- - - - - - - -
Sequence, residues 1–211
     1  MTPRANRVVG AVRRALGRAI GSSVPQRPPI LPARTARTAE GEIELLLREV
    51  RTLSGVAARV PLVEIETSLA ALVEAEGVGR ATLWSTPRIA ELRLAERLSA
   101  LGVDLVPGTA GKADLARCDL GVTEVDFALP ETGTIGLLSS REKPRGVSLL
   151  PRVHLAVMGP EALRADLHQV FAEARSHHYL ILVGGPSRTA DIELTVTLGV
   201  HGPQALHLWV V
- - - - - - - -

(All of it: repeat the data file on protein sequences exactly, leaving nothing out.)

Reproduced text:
Sequence, residues 1–211
     1  MTPRANRVVG AVRRALGRAI GSSVPQRPPI LPARTARTAE GEIELLLREV
    51  RTLSGVAARV PLVEIETSLA ALVEAEGVGR ATLWSTPRIA ELRLAERLSA
   101  LGVDLVPGTA GKADLARCDL GVTEVDFALP ETGTIGLLSS REKPRGVSLL
   151  PRVHLAVMGP EALRADLHQV FAEARSHHYL ILVGGPSRTA DIELTVTLGV
   201  HGPQALHLWV V